And what it looks like for batters:
Ray Kerr strikeout. Sat 95, touched 97 in a scoreless inning. pic.twitter.com/yujvr3IpXd— Lookout Landing (@LookoutLanding) October 15, 2019
Kerr was an undrafted free agent signing back in late August of 2017, and now he’s on an MLB organization’s 40-man, which is one of those cool baseball stories.
The other player the Mariners added to the 40-man was more of a surprise to me when the news broke last night. OF Alberto Rodríguez was acquired in the Taijuan Walker trade back in 2020 after spending two years at the Rookie level in Toronto’s system, where he was ranked towards the back end of their Top 30 prospects. At the time of the trade, the most notable thing about Rodríguez was that he was top prospect Noelvi Marte’s childhood best friend. Rodríguez wasn’t selected to the Blue Jays’ alternate site player pool in Buffalo during the 2020 season, but as soon as he was traded to the Mariners, the team brought him out of the DR and sent him to train alongside Marte in Tacoma, and then to the High Performance Camp that fall. They paired the two up again in 2021, sending Noelvi and Alberto to Low-A Modesto so they could go through their first stateside season together, and kept the duo together after a late-season promotion, sending them at the same time to High-A Everett before sending them both to HPC again this off-season. Currently, the BFFs are back in the DR, and for the first time in a year-plus will be playing on two different teams again: Noelvi with the Gigantes del Cibao, who drafted him fourth overall in the DR’s first-year player draft, and Alberto with the Águilas del Cibao.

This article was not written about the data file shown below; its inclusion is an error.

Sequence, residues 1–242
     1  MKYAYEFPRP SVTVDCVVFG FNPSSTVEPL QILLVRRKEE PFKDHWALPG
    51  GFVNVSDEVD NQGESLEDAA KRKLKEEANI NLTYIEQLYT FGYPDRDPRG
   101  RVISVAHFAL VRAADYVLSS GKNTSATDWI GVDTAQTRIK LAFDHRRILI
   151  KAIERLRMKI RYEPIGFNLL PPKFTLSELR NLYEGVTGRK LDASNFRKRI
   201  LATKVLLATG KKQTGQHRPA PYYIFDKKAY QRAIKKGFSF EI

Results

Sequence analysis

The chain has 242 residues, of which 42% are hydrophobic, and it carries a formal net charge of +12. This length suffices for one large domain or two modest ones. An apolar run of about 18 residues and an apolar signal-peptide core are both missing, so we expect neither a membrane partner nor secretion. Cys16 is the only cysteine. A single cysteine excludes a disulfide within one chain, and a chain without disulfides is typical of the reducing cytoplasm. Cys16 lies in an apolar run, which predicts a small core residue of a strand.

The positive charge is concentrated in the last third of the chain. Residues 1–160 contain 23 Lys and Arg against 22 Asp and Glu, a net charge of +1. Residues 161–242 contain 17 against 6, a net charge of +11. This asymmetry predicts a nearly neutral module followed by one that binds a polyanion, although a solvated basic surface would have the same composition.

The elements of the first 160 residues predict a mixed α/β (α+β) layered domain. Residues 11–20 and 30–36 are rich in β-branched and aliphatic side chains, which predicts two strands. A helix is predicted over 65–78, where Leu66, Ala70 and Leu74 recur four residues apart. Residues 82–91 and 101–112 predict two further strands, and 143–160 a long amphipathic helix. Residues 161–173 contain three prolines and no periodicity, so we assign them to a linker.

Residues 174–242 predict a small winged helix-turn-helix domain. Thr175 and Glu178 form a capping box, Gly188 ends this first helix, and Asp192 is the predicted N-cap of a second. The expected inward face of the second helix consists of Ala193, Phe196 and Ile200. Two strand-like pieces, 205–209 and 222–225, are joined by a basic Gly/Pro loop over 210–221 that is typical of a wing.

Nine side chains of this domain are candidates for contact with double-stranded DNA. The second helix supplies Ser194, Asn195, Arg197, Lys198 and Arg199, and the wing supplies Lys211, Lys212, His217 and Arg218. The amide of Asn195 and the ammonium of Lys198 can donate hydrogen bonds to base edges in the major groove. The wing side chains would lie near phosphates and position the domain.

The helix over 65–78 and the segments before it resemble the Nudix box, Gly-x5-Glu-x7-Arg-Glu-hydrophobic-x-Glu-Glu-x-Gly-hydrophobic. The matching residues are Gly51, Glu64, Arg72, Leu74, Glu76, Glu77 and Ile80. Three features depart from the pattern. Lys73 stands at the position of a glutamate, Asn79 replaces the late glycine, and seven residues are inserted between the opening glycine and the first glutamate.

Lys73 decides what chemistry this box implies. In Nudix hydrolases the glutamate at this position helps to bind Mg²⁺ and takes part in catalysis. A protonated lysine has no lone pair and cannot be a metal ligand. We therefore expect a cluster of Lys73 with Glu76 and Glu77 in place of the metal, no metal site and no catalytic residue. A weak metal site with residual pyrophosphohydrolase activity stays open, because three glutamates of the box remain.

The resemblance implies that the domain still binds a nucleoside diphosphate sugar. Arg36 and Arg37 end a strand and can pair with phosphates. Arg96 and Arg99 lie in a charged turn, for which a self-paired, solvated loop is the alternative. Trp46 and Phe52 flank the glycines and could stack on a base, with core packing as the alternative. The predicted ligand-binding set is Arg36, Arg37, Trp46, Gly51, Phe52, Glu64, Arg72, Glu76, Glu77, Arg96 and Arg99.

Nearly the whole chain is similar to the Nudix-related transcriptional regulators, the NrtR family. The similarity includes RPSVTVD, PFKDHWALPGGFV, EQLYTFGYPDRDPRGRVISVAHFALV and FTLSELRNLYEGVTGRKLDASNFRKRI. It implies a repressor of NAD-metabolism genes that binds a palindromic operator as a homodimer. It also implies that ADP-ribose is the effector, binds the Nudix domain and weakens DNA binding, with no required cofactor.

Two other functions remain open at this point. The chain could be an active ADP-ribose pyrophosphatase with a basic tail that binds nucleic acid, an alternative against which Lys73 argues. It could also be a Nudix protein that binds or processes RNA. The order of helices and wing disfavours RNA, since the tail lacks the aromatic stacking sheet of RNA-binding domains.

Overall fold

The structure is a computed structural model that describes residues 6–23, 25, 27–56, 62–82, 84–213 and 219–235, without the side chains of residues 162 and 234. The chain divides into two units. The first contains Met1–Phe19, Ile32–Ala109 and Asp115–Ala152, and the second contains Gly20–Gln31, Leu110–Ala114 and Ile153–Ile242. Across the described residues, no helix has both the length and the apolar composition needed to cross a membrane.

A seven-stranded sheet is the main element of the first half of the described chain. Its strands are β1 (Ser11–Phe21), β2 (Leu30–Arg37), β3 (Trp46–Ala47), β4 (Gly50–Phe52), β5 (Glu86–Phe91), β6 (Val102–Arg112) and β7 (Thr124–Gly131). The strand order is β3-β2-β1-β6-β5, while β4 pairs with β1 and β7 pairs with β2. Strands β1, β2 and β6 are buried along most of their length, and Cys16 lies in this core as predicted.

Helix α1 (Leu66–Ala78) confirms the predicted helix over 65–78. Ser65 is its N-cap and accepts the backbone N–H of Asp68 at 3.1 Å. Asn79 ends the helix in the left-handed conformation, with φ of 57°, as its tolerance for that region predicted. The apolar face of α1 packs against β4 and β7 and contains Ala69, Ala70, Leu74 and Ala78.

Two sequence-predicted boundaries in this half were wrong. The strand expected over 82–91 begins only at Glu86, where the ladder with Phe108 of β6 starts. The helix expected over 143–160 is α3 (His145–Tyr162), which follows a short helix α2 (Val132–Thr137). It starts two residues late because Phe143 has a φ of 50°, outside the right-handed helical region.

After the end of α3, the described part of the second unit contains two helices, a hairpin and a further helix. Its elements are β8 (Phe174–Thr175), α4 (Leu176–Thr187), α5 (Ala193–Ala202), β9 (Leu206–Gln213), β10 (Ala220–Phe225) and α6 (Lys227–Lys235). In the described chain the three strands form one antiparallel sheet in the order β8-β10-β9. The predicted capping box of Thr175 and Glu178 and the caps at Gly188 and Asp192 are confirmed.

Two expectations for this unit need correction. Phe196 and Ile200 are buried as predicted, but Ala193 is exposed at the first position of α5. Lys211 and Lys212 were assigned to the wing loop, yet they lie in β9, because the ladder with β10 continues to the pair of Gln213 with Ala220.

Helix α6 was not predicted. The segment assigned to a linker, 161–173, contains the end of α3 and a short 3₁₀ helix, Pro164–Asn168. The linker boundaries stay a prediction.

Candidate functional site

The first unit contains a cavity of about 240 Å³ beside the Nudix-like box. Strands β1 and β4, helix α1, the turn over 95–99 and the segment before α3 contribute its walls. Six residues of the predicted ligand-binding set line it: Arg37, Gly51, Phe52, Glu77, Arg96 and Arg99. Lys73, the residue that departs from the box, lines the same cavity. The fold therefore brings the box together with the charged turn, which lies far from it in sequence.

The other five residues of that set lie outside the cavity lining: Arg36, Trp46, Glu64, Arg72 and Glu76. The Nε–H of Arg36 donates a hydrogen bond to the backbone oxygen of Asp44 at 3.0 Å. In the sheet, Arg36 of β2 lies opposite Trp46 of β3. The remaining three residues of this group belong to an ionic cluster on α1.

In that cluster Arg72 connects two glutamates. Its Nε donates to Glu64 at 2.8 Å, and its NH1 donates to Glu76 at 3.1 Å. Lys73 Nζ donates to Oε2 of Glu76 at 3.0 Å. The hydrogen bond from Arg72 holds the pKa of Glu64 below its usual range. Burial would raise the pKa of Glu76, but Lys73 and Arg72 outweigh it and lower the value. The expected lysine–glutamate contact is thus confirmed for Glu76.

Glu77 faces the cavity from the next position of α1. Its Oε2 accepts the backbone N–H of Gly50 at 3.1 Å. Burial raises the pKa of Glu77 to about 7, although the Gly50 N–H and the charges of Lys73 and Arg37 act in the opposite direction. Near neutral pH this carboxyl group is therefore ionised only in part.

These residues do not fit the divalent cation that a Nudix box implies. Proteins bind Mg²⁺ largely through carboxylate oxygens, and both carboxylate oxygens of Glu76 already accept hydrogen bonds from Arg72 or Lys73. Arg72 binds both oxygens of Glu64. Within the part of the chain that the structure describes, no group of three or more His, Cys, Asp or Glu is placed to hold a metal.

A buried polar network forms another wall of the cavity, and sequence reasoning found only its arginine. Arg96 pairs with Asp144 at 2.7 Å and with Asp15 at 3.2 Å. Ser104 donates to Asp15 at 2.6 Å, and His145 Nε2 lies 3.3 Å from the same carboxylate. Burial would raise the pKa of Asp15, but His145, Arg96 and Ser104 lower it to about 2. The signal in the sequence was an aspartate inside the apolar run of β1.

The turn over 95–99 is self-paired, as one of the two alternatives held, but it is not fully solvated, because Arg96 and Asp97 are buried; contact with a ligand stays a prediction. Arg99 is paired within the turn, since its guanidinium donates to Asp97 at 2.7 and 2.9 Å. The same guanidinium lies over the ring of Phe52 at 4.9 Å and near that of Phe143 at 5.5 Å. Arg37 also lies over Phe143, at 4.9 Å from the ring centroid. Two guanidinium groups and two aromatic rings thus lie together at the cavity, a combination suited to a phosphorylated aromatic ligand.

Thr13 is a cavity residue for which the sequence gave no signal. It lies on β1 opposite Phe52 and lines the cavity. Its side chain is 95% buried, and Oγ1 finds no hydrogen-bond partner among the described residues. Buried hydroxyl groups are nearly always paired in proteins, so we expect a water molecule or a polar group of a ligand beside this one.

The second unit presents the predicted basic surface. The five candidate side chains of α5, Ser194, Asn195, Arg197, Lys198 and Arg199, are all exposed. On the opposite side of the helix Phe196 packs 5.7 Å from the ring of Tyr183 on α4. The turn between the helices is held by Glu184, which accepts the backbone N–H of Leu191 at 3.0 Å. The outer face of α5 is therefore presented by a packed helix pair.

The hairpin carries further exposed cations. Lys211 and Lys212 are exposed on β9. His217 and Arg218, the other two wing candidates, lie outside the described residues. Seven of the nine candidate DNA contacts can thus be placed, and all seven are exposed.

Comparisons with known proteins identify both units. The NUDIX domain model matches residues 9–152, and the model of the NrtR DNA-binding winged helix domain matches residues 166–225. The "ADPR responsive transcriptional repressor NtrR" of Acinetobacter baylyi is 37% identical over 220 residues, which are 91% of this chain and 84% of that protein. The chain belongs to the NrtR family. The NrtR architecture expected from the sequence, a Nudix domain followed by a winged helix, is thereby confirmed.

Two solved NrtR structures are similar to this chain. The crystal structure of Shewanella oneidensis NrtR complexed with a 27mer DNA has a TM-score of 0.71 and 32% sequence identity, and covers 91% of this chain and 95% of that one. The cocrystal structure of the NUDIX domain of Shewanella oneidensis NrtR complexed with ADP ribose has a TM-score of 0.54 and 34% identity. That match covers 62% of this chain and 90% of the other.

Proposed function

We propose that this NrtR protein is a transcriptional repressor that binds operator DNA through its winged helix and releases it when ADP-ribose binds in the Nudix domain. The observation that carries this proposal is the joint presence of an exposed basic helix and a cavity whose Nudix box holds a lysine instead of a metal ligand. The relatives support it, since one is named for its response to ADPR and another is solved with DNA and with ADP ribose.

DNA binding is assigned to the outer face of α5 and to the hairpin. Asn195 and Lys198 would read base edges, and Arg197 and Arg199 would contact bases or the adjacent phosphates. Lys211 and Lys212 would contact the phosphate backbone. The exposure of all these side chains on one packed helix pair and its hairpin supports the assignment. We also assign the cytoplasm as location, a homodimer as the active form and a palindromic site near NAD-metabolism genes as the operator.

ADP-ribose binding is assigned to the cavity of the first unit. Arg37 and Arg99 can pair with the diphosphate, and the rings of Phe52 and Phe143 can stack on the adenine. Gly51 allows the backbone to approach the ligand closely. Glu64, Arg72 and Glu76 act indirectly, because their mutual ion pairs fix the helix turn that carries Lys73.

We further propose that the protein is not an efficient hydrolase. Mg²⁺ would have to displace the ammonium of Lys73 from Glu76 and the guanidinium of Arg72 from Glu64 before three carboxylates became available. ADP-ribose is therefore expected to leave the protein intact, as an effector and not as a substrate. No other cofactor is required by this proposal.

Clearly, the Mariners value the relationship between Noelvi and Alberto and see it as a way for each to bring the best out of the other. After a slow start to his season in Modesto, Rodríguez’s bat came alive, to the point where he was often besting his higher-ranked bestie in the box score. A-Rod (his nickname choice, so let’s honor it). Like his BFF Noelvi transformed his body under the Mariners’ development program, turning the last vestiges of baby fat into lean muscle with a cleaner diet and more regimented training program, so too did Alberto emerge leaner and more powerful, which showed up on the field in a huge later-season power jump. The doubles and triples he was hitting in June turned into over-the-fence power in July and August.